My good friend Wade Rockett visited over the weekend and, as we tend to do, we spent some time talking about games. At one point, he asked me if a game was any good - and I answered (as I often do) with, "It's fun."
He pressed me, then. "Have you played, it?"
All too often, I haven't played a game with other folks. But that doesn't mean I don't know it's going to be fun.
In my 20+ years of gaming, I've played Gumshoe and Fate and Fudge and Cortex. I've played AD&D and d20 and 4e and GURPS and L5R and 7th Sea. I've played ORE and XPG and 1PG. I've played BRP and Savage Worlds and 13th Age and Gamma World and Alternity. I've played Rifts and TMNT and FASERIP and Ars Magica. And Paranoia and Storyteller and Burning Wheel and d6 and Omega. I've played Shadowrun and FASA's Star Trek and Last Unicorn's Star Trek and Decipher's Star Trek. I've played Cthulhutech and Prime Directive and Rolemaster. I've played Chill and Underground and Unknown Armies and Tri-Stat. And more - these are just what I can remember off the top of my head.
I've read more than that. A lot more. My shelves are filled with game books.
And here's the biggest secret of all games:
You will rarely find the fun in the rulebook. The fun comes from interacting with your friends.
Don't get me wrong: You will often find fun in the rulebooks, but it's not the same fun you'll get from playing the game. And the fun of playing the game has nothing to do with the rulebook. This seems to go double for games which are part of the "Old School Renaissance," in large part because the old school rulebooks are written much like the wargames from which they evolved.
One of the single most fun games I have ever had the opportunity to play was a Rifts game. Yes, that Rifts. The Palladium Books/Kevin Sembieda one. Because the group was that good.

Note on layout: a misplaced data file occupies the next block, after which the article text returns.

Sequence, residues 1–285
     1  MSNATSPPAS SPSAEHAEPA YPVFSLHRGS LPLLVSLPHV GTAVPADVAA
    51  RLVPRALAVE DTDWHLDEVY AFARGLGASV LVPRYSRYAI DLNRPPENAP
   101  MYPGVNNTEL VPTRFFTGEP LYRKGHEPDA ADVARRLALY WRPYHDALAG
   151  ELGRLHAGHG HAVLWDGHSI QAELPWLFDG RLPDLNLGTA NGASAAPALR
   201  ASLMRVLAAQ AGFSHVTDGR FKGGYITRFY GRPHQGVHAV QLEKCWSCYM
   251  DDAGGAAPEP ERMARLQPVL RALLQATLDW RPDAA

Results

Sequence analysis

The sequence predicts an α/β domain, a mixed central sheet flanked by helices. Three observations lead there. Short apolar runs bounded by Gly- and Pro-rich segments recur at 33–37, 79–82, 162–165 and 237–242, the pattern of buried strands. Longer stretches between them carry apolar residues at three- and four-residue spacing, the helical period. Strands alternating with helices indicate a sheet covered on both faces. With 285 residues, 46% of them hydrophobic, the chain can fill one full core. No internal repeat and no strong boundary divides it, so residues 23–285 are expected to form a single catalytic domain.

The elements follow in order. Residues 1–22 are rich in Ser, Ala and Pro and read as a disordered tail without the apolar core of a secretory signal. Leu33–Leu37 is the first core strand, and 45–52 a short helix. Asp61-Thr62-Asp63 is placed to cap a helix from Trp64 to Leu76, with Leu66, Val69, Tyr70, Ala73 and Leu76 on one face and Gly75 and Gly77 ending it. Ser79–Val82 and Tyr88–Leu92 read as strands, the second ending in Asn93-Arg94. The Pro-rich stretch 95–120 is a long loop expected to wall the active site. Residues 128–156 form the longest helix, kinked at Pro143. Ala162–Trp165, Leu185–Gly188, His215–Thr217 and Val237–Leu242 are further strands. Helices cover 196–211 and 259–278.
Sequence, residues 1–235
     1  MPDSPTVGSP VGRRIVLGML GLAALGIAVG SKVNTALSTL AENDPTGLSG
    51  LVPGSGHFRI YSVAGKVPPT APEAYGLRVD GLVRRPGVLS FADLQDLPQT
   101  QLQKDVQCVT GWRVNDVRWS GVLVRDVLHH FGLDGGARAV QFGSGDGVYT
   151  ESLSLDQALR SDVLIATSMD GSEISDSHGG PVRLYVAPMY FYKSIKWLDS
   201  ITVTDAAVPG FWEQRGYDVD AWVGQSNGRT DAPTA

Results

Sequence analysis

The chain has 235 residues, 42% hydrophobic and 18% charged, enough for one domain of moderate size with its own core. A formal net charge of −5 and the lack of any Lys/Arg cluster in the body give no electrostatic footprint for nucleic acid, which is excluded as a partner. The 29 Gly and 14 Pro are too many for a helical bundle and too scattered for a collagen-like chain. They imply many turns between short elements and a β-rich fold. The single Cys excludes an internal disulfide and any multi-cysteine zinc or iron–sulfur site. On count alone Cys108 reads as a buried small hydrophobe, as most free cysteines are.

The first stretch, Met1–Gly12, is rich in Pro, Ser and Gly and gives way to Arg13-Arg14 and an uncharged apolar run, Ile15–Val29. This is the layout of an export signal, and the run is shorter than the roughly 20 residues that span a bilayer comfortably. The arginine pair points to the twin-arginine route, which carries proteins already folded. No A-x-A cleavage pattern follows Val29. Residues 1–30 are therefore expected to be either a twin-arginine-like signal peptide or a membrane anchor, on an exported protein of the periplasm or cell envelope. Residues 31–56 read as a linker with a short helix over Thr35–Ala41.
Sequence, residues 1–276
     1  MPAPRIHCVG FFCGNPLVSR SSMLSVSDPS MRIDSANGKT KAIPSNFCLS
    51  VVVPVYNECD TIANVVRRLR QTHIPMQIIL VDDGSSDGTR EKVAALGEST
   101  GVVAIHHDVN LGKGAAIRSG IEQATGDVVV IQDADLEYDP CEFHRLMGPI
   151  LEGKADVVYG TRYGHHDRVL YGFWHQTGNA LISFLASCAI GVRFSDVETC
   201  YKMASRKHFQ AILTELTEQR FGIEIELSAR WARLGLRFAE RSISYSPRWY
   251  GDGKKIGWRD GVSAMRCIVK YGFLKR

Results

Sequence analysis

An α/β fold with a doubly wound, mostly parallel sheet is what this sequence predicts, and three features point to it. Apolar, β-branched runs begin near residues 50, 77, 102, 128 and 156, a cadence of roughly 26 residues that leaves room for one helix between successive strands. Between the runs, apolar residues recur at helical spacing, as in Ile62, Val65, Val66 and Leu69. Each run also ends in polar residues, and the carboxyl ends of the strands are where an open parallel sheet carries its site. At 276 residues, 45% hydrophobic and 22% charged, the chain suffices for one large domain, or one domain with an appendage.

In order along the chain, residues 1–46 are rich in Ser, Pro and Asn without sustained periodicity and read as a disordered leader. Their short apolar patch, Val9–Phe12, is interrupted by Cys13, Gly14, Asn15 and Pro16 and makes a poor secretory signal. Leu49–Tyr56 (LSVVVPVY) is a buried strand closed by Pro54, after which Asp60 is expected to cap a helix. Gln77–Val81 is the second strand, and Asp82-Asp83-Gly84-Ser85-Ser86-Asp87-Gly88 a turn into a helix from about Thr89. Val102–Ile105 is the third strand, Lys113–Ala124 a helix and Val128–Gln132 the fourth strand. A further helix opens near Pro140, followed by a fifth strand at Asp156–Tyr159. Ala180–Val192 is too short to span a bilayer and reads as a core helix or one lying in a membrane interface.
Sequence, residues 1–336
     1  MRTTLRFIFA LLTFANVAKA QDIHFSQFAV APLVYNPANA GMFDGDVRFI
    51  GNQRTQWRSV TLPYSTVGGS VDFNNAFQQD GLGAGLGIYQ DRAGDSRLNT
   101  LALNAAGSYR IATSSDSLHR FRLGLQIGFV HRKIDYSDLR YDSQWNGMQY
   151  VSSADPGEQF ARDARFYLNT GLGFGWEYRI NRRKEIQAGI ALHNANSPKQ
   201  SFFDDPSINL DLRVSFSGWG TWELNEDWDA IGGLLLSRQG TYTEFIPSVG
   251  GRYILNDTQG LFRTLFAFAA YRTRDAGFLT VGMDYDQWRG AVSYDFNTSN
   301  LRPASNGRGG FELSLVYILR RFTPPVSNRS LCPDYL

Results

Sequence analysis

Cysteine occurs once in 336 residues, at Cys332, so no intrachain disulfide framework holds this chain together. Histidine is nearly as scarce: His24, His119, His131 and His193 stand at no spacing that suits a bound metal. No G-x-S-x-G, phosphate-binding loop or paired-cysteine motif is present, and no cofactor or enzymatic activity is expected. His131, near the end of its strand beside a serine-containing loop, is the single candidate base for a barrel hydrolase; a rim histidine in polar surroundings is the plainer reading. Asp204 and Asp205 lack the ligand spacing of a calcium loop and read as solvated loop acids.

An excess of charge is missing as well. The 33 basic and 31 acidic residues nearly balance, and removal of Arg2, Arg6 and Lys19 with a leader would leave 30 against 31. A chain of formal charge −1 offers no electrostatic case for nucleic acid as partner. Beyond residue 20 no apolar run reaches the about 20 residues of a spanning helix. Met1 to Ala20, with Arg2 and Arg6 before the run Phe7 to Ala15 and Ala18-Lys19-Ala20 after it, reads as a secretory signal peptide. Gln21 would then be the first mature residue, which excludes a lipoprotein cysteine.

I know my groups, too. I know that, for example, Apocalypse World will be awkward with one group because of the sex moves - even if they're never used, their very existence will make the game uncomfortable for the players. I know that Microscope will go over very well with one group and will fall flat with another.
You'll note that I said above that I haven't played a game "with other folks." I will often, while reading, try to figure out what sort of adventures I can run in that game. Or what characters I would play, were I a player. I'll also dummy up some characters and run some sample combats and test-drive the system in other ways, as well. It tells me how mathy the game is, which can be an important factor in the fun calculations for some players. For example, I don't think my wife would like Rolemaster. Or GURPS. Not at first - maybe after a while, she would grow to enjoy them, but Stephanie doesn't enjoy math. And that is not due to inability, either. It also tells me if there are things I'm going to want to house rule right off the bat because they seem terribly broken (or, for that matter, completely useless).
Either way, a good read-through can tell me if a game is going to be fun for me. Generating a few characters and running a few encounters for those characters tell me which of my group members will appreciate the game and which will not. And which might enjoy it after some time.
Next week, I'm going to talk about my That Game.